He was also my neighbour for some years and a close friend and he showed and taught me lots of things about old school house music. In exchange I introduced him to Ableton Live and he started to play his own live sets afterwards. His passing was a big loss for everybody.

Waveform: Your brilliant Waveform Live mix was recorded at a recent Killekill party. Tell us a bit about your set here and the thinking behind it. With this kind of live performance, exactly how much is planned and how much is you both bouncing jams off each other?

Snuffo: As Snuff Crew live we just jam around. I never know what sounds Zwo will play next, and he doesn’t know what noise I do next. We split our released and unreleased tracks into single loops and create our live action. It’s always wild, chaotic and we have a lot of fun. The Killekill party “Jack The Griessmühle” happened  in April 2017 and it was definitely a crazy, crazy night… We always love to play on the events of Nico and his staff, and Griessmühle is one of the greatest spots in Berlin, but that night was special.

Zwo: I have very good memories to that party. We did our soundcheck during the daytime, I guess it was around 4 or 5 in the afternoon. Another party that started the day before was still running but they closed the big floor to prepare everything for the Killekill party. So we set up our stuff and played some music and somehow we lost ourselves in jamming around. When we looked up again after maybe 5 minutes, there were suddenly 30 to 40 people on the dancefloor, partying and dancing to our music having a great time! Lovely.

Waveform: In an interview back in 2013 you are quoted as saying that a lot of your music is made using software and controllers. How much has that changed, now? Have you found that you lean more on the self-contained hardware, now, or is the balance still tipped towards software?

Snuffo: I personally don’t need to do Snuff Crew tracks with hardware, I also don’t have any hardware for this. I only have some drone synths and some other cheap stuff that I use for my experimental prokject Cellarkalt. But I like the fact that my man Zwo is bringing some more hardware flavour into his productions for Snuff Crew and into his part of our live set.

Zwo: Some years ago I visited a friend who had a Jupiter 6 in his bedroom. I played a bit with it and I was hooked immediately, I loved to have a dedicated knob for every aspect of the sound, I really enjoyed to put my fingers on such a majestic machine. So I started to spend all my money I earned to buy hardware synthesizers, sequencers, effects. You can see everything in its full glory when you search for our track “Winter in June” on YouTube.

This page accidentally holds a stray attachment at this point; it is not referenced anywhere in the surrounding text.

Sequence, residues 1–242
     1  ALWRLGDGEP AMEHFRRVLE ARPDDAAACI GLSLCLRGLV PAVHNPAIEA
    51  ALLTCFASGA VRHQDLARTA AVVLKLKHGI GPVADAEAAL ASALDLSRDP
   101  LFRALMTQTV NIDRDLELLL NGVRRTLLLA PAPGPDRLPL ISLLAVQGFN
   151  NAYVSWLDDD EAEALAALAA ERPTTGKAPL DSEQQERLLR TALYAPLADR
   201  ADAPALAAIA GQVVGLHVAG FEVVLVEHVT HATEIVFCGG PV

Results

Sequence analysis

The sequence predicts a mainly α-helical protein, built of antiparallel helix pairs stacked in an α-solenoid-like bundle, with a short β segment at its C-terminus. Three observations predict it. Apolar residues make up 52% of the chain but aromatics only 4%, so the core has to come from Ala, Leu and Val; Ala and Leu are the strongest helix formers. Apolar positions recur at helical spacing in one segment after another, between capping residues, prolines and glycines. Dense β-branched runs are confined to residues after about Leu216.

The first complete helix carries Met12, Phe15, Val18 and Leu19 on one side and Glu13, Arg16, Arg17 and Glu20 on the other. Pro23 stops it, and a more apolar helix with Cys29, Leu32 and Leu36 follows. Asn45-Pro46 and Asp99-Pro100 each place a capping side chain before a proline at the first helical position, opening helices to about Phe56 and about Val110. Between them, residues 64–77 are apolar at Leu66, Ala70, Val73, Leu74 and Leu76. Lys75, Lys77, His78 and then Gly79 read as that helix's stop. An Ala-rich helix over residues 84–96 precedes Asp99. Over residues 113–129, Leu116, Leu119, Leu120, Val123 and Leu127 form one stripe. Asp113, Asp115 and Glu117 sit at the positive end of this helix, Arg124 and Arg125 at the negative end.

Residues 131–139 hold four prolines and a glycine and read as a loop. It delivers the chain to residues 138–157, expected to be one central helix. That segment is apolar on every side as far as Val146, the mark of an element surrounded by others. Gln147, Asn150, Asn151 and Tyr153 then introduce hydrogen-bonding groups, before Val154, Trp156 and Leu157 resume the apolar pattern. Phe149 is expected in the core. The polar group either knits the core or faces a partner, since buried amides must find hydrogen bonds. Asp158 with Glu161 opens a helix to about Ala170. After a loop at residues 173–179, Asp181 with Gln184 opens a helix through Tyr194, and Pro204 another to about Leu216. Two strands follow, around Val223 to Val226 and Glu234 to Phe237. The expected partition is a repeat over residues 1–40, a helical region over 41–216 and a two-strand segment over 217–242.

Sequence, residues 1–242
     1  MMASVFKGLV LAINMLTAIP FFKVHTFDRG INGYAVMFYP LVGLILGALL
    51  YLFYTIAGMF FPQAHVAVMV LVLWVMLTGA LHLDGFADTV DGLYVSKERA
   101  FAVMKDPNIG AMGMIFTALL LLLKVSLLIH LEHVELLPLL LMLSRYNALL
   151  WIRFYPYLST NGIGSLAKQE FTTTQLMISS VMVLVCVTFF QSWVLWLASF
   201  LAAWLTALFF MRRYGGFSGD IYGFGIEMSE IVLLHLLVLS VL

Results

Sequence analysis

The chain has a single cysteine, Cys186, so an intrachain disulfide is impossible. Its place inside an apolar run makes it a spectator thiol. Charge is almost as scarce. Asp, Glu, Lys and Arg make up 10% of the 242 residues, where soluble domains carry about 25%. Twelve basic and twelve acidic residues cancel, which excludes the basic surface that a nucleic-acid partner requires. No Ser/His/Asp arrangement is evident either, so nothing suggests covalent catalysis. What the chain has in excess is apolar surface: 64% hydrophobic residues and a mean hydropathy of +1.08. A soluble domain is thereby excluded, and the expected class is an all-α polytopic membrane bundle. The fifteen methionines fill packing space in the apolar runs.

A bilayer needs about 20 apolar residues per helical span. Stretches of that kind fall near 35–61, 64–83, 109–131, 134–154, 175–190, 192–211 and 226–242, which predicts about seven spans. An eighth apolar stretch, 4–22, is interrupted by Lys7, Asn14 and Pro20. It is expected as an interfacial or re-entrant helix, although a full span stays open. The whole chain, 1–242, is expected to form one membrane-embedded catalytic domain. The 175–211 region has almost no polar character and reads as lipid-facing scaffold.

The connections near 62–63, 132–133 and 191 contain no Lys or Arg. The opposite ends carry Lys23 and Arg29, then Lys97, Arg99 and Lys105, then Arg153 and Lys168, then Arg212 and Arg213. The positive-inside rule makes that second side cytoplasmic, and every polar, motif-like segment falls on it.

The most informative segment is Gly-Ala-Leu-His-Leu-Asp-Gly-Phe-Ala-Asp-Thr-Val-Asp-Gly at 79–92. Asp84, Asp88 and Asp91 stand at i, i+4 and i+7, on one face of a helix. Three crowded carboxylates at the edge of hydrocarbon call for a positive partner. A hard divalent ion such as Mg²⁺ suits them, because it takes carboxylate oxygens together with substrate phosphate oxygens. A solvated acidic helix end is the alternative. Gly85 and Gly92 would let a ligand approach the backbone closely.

In the meantime I had to sell almost everything again (having a family and paying taxes is expensive, people!) but I still love to twist those knobs. I am a big fan of those small machines like the Roland Boutiques or the Korg Volca series. Great fun on a small footprint. And who cares if analog or digital nowadays? They are fun and sound nice – what else could you ask from a music machine?

Waveform: You’ve played some amazing events over the past ten years and have just embarked upon your ’10 Years of Snuff Crew’ celebration tour, which launched in Tresor. Do you have any plans to play in the UK in the near future? We’re all dying to see you here!

Snuffo: We would love to play in the UK! It’s been some years since we performed the last time there. So If any cool local promoter is reading this, feel free to reach out to us. Let’s make some Acid House partys happen again!

Zwo: Agree!

Waveform: Have you got anything else in the pipeline alongside live dates? Any more releases in the works?

Snuffo: For this year there are some new Snuff Crew records planned to come out. Our “Love Songs For Smoke Machines” E.P. will hopefully be released on a great new label from Italy. Fingers crossed. And Jerome Hill from UK just started a new label called “Bleeper”  where he will be bringing out a Snuff Crew 12″ , too . I’m pretty excited about both records I must say. Plus, there’s the new Snuff Crew / Hard Ton release, but it’s not clear yet who’s gonna release it.

There are also some more labels that asked us to send new stuff, this will happen soon, we promise… And for the fans some tracks will be available for free download, as part of our 10th anniversary. I’m not sure if we can manage it to record a new album. As we both live in different cities and Zwo has a full time job and two kids, things became a bit trickier. But I guess sooner or later we will start thinking about a new Snuff Crew long player again.  And of course, we both also have our solo projects…

Zwo: I am currently focusing more on playing live than on producing new tracks to be honest. Sure, from time to time there’s a new track coming up but the fun part for me is testing new performance tools, sequencer/synth/drum/fx-combinations and being surprised in the end when listening to the recording!

Waveform: Thanks again for chatting with us, guys. We look forward to hearing more exciting music from the Snuff Crew Camp!

Snuffo: Thank you very much for the interview! 

Zwo: It’s been a pleasure!

So, promoters, you heard the guys, get them booked to play in the UK for crying out loud! If you really need any more persuasion, then get a load of their Waveform Live Mix below.